Making the rounds of several high school graduation parties a few weeks ago, I was struck by something that perplexed me, but did not surprise me.
Toddlers, tweens, teenagers, parents and grandparents milled about at the various parties, congratulating the recent graduate and his friends. Cards and gifts were stacked on multiple tables and food was plentiful. On a humid North Texas evening, drinks of all flavors were iced and readily available.
At a couple of those festivities, I noticed a stream of recent graduates heading confidently to a frozen margarita machine, plastic cups in their hands; most had gotten the permission of their parents, who were at the party, to pull the lever after promising the adults they would not drive.
Was this the first time they had had a margarita, or a beer, or sang, "Jose Cuervo, you are a friend of mine" while doing shots? Who knows?
But the scenario did point to the findings in a national study released last week that quantifies, sadly, what many of us already know: Many of the underage drinkers in this country have readily gotten alcohol from their parents, relatives and other adults.
For parents, the excuse many times is that they know their children will be drinking when they are out with friends, so they would rather monitor it from their home and ensure that the youths don't drink and drive.
There are a few problems with that: First, it's against the law and, second, the ramifications and consequences of introducing alcohol to young adults could lead to dependence or abuse, binge drinking, driving while intoxicated and traffic-related deaths, among others.
Last week, the Substance Abuse and Mental Health Services Administration released a study - based on data of 158,000 young people between 2002 and 2006 compiled by the Surveys on Drug Use and Health - that gave us details about teenagers and alcohol.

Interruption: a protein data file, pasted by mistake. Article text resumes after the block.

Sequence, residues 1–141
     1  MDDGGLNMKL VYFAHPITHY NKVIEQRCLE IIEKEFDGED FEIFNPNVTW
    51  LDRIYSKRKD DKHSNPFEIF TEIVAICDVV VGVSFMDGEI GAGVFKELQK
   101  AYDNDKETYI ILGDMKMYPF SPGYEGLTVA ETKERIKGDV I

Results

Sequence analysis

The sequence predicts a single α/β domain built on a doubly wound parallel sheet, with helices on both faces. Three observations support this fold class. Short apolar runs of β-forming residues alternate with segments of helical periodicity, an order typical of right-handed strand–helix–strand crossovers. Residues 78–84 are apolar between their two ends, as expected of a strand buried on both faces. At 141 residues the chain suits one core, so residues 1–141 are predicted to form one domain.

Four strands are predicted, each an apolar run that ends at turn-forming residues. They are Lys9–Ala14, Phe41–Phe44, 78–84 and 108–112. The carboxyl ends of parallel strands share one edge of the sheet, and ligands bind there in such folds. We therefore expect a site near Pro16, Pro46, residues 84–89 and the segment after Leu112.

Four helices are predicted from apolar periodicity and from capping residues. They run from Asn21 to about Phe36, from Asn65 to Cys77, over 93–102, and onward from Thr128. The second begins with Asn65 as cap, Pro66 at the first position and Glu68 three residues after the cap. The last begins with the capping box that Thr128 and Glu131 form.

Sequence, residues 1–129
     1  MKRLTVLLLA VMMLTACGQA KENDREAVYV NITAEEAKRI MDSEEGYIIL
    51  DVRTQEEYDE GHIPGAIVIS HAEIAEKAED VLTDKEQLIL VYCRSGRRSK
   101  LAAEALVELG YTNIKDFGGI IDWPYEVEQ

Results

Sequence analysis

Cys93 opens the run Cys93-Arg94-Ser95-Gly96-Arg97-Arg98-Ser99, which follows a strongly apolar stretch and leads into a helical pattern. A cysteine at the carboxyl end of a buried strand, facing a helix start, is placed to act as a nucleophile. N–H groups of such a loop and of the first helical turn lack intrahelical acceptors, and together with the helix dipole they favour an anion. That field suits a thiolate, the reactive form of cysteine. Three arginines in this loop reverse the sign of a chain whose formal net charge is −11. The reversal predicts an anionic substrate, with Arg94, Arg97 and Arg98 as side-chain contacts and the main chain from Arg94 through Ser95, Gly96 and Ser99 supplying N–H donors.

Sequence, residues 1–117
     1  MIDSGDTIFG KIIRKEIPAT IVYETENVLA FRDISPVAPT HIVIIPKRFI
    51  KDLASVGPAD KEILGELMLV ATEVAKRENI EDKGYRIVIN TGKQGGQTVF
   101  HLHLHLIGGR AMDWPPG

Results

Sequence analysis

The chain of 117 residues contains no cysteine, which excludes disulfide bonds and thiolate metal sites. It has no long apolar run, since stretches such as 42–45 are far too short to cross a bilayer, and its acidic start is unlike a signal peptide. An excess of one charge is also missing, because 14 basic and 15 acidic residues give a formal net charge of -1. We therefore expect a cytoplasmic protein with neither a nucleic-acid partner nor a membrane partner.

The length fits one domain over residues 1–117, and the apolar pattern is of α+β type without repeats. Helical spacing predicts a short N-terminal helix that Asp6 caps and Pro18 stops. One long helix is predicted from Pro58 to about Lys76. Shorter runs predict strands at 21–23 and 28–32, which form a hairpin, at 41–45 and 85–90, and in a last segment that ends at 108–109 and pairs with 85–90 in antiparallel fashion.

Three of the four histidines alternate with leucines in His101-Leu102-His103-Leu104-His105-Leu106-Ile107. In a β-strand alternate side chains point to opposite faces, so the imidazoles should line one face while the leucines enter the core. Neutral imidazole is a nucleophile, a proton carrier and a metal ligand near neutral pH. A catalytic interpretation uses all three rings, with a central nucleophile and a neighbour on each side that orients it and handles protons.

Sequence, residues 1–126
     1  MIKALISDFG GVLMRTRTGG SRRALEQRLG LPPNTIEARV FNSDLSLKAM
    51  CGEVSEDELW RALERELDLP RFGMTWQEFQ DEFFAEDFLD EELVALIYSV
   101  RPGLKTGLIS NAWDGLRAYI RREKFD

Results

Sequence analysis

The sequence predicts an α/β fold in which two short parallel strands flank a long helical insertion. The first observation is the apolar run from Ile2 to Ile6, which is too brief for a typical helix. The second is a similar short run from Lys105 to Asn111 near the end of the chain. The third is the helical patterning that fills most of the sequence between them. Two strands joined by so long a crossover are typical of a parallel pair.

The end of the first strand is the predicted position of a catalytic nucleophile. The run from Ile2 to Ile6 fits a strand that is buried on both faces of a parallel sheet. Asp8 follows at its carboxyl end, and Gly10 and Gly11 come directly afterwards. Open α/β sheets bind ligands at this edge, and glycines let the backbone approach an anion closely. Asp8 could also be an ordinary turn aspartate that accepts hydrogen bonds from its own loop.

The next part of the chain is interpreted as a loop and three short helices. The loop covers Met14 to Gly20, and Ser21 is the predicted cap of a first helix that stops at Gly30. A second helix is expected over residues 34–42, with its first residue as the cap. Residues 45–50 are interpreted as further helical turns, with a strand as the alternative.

Among its findings:
¢ 40 percent of the underage drinkers said they got alcohol from an adult in the last 30 days.
¢ 50 percent of the underage drinkers got their last alcoholic drink at someone else's home.
¢ 30 percent got their last drink at home.
¢ 3.5 million young people each year meet the qualifications of having an alcohol disorder.
¢ 5,000 teens die in alcohol-related incidents each year.
"In far too many instances parents directly enable their children's underage drinking - in essence encouraging them to risk their health and well-being," Acting Surgeon General Dr. Steven K. Galson said in a statement. "Proper parental guidance alone may not be the complete solution to this devastating public health problem - but it is a critical part."
The study also said that rates of underage drinking were higher in the Midwest and Northeast. In one recent case, a parent and her twin children in Nassau County, N.Y., were charged under that state's social host law for making alcohol available to minors.
Police responding to 911 calls had found more than 200 young people at their home and with beer and other alcohol being served, according to a report in Newsday. One of the scenes police described was that of a girl - "vomiting and struggling to stand" - who said she had taken six vodka shots within an hour.
Just imagine if this girl had gotten behind the wheel of a car if police had not arrived.
Last week, I became concerned when my 15-year-old namesake missed one of his driver's-ed classes because of scheduling conflicts during a hectic summer day.
Telling me he would get it rescheduled on a Saturday morning, his friend, Alexander, who had taken the same course a year earlier, quickly piped in.
"Uh, don't worry, sir, all they really do after the first class is to tell you not to drink and drive," he said, hinting that the driver's-ed curriculum had most likely changed in the decades since I first learned to drive.
At the time, I was concerned that maybe we were paying too much to an outfit for not actually teaching "driver's ed," but, at the same time, I also was content that others were drilling into our son, as we had done with his older sister, the dangers of drinking and of drinking and driving.
So as we head into the three-day July 4 weekend, let's raise a toast to our Founding Fathers, but let's be sure to remind our country's youth that they can find Samuel Adams' greatest contribution to our country on the bookshelf, not the refrigerator.
- David Sedeno is a member of the Fort Worth Star-Telegram editorial board. His e-mail address is firstname.lastname@example.org.